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Libya Cash & Markets WG - Libya Joint Market Monitoring Initiative (JMMI) - January 2018 Factsheet


In an effort to better understand market dynamics in Libya, the Joint Market Monitoring Initiative (JMMI) was initiated by the Libya Cash & Markets Working Group (CMWG) in June 2017. The initiative is guided by the CMWG Markets Taskforce, led by REACH and supported by the CMWG members. Markets in key urban areas across Libya are assessed on a monthly basis. In each location, field teams record prices and availability of basic food and nonfood items (NFI) sold in local shops and markets. This factsheet presents an overview of price ranges and medians for key foods and NFIs in the assessed areas. The cleaned data sets are available on the REACH Resource Centre and distributed to CMWG partners, as well as to the broader humanitarian community. In future rounds, the factsheet will include a Minimum Expenditure Basket (MEB), which represents the minimum culturally adjusted group of items required to support a Libyan household for one month. The prices associated with the MEB will illustrate variations in prices across assessed locations. The MEB will be included once it has been agreed upon by all partners and may not contain all items assessed in the previous rounds.


Data collection for the JMMI occurs on a monthly basis, with associated factsheets and datasets published and distributed after every round. The eighth round of data collection for the JMMI was conducted between 2 and 9 January 2018, during which enumerators from 5 CMWG partners (ACTED, DRC, Mercy Corps, WFP & REACH) gathered price data for 32 basic items from 323 individual shops in 24 locations. Unlike in previous months, no data was collected in Zwara for the January round. Coverage was restored in Murzuq. Field staff familiar with the local market conditions identified shops representative of the general price level in their respective location. Assessed shops include supermarkets, bakeries, vegetable sellers and butchers, as well as central markets. At least four prices per assessed item were collected within each location. In line with the purpose of the JMMI, only the price of the cheapest available brand was recorded for each item. Enumerators were trained on methodology and tools by REACH. Data collection was conducted through the KoBo mobile application. Following data collection, REACH compiled and cleaned all partner data, normalising prices and cross-checking outliers.

Key findings: 

Food prices rose by 4.3% Food prices continued to climb upwards for the fourth month in a row. From December to January, food prices rose by 4.3%. The largest increase was observed in Zliten (+16.5%). In the south, food prices rose by 9.5%, while in the east (+1.4%) and west (+4.1%), the increases were more moderate.3 Notable price changes were registered for peppers (+38.9%) and tomatoes (-20.0%), the latter of which were the only monitored food item that saw a decrease in the overall median price from December to January. Sugar (+11.1%), eggs (+10.6%) and lamb meat (+5.6%) prices rose in almost all assessed locations. Other food items showed less fluctuation. Since October, overall food prices have risen by a considerable 19.3%. The increase was the most marked in Ghadamis, where food prices rose by 34.1%. NFI prices rose by 3.2% While NFI prices had remained stable in the previous round, they increased by 3.2% from December to January. In the east (+6.7%) and west (+9.6%), NFI prices moved upward considerably, while in the south a decline of 4.3% was registered. A noteworthly price hike was observed in Al-Kufrah (+62.9%), where increases in laundry soap, shampoo and toothpaste prices led to an overall increase in the NFI price level. Stark increases were also registered in Ghadamis (+25.6%) and Tobruk (+24.8%). In Ghat a substantial decrease in NFI prices was observed (-28.5%). Prices of dishwashing liquid were found to rise substantially in the east and west, with an overall monthly increase of 26.9%. Toothbrush prices decreased by 12.5%, while prices of sanitary pads rose by 17.6%. Since October, the overall NFI price increase stands at 12.0%. While in the west and south, prices have only marginally increased since October, they have risen by a hefty 34.5% in the east. Libyan dinar appreciated on the parallel market After the Libyan dinar had depreciated against foreign currencies since October, it appreciated by 8.0% from December to January. Note that the reported data is from early January and therefore does not reflect the rapid appreciation of the Libyan dinar later that month. Some shortages found in Ghat and Sabha Some shops in Ghat reported shortages of fresh food items, such as meat and vegetables, but also vegetable oil and wheat flour. Shortages of chicken and lamb meat were also reported in some shops in Sabha.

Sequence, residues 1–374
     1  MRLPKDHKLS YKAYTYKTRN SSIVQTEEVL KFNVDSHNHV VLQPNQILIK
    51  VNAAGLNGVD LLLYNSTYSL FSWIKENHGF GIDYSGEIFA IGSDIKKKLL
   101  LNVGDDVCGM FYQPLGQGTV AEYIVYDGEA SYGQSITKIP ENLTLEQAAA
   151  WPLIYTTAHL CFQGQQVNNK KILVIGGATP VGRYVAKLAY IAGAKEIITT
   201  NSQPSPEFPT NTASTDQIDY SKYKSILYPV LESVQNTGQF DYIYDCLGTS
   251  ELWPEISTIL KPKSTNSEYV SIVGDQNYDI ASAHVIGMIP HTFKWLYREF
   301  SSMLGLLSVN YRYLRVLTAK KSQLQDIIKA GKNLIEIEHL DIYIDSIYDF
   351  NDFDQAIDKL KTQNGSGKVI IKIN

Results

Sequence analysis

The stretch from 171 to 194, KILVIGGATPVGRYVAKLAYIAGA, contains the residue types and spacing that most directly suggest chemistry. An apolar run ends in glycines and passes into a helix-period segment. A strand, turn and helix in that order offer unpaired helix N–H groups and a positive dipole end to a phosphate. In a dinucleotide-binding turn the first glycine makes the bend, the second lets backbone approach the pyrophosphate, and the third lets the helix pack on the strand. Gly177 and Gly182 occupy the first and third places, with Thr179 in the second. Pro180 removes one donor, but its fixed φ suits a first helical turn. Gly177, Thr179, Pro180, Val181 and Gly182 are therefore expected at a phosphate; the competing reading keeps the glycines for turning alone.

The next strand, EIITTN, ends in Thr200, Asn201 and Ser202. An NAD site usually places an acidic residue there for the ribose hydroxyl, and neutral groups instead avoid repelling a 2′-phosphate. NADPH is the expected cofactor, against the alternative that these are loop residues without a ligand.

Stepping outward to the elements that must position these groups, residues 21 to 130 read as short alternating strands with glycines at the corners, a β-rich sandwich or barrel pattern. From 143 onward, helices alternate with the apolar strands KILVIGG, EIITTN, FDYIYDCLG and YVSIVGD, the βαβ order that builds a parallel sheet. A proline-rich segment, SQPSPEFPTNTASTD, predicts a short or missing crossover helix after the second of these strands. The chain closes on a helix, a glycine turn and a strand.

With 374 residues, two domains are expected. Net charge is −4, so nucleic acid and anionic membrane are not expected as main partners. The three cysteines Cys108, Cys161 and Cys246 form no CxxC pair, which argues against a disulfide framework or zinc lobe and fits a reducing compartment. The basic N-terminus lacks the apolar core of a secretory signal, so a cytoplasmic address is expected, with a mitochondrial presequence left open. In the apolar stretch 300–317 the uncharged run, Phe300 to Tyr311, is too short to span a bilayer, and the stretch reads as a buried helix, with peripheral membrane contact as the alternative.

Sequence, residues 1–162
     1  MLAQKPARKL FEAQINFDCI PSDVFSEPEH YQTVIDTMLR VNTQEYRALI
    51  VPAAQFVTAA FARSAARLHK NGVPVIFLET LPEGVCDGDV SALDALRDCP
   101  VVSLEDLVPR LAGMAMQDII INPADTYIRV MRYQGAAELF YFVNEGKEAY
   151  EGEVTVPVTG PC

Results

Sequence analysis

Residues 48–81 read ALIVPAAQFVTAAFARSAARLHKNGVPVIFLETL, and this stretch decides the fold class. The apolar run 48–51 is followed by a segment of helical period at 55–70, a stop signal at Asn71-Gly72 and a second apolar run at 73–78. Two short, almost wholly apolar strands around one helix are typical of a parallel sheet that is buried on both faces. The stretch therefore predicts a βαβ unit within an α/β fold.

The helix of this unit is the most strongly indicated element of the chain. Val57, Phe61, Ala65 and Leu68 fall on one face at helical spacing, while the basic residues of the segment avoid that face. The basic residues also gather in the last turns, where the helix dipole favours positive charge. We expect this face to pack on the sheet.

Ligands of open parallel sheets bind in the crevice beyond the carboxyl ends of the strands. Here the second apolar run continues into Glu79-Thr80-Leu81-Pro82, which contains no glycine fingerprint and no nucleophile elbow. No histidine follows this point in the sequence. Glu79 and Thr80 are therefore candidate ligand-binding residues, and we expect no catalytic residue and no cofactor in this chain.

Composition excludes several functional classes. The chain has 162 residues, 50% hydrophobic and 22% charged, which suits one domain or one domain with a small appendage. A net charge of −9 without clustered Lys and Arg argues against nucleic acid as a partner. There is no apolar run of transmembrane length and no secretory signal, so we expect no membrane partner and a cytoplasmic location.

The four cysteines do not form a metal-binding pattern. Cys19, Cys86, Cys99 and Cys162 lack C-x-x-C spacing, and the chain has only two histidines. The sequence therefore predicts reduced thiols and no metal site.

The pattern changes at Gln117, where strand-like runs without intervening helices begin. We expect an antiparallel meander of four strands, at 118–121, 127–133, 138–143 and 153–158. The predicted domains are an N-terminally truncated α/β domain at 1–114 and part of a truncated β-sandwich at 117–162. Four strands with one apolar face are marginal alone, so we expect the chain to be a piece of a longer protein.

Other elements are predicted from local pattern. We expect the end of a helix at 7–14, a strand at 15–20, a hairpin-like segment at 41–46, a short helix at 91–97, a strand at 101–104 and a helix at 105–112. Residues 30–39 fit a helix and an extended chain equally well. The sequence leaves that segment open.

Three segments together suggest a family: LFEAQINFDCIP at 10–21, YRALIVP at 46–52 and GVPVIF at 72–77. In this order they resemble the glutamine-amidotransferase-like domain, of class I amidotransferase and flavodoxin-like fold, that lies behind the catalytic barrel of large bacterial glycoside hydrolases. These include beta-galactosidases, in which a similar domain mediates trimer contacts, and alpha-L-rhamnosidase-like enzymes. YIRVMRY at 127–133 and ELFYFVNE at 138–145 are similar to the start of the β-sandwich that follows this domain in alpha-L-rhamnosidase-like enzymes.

Assessment Report: 
Publicly Available
Assessment Questionnaire: 
Not Available
Assessment Data: 
Publicly Available
Assessment Date(s): 
02 Jan 2018 to 09 Jan 2018
Report completed
Population Type(s): 
All affected population
Leading/Coordinating Organization(s): 
REACH Initiative
Participating Organization(s): 
Agency for Technical Cooperation and Development (ACTED)
Danish Refugee Council
Mercy Corps
World Food Programme
United Nations High Commissioner for Refugees
Cash Transfer Programming
Market Assessment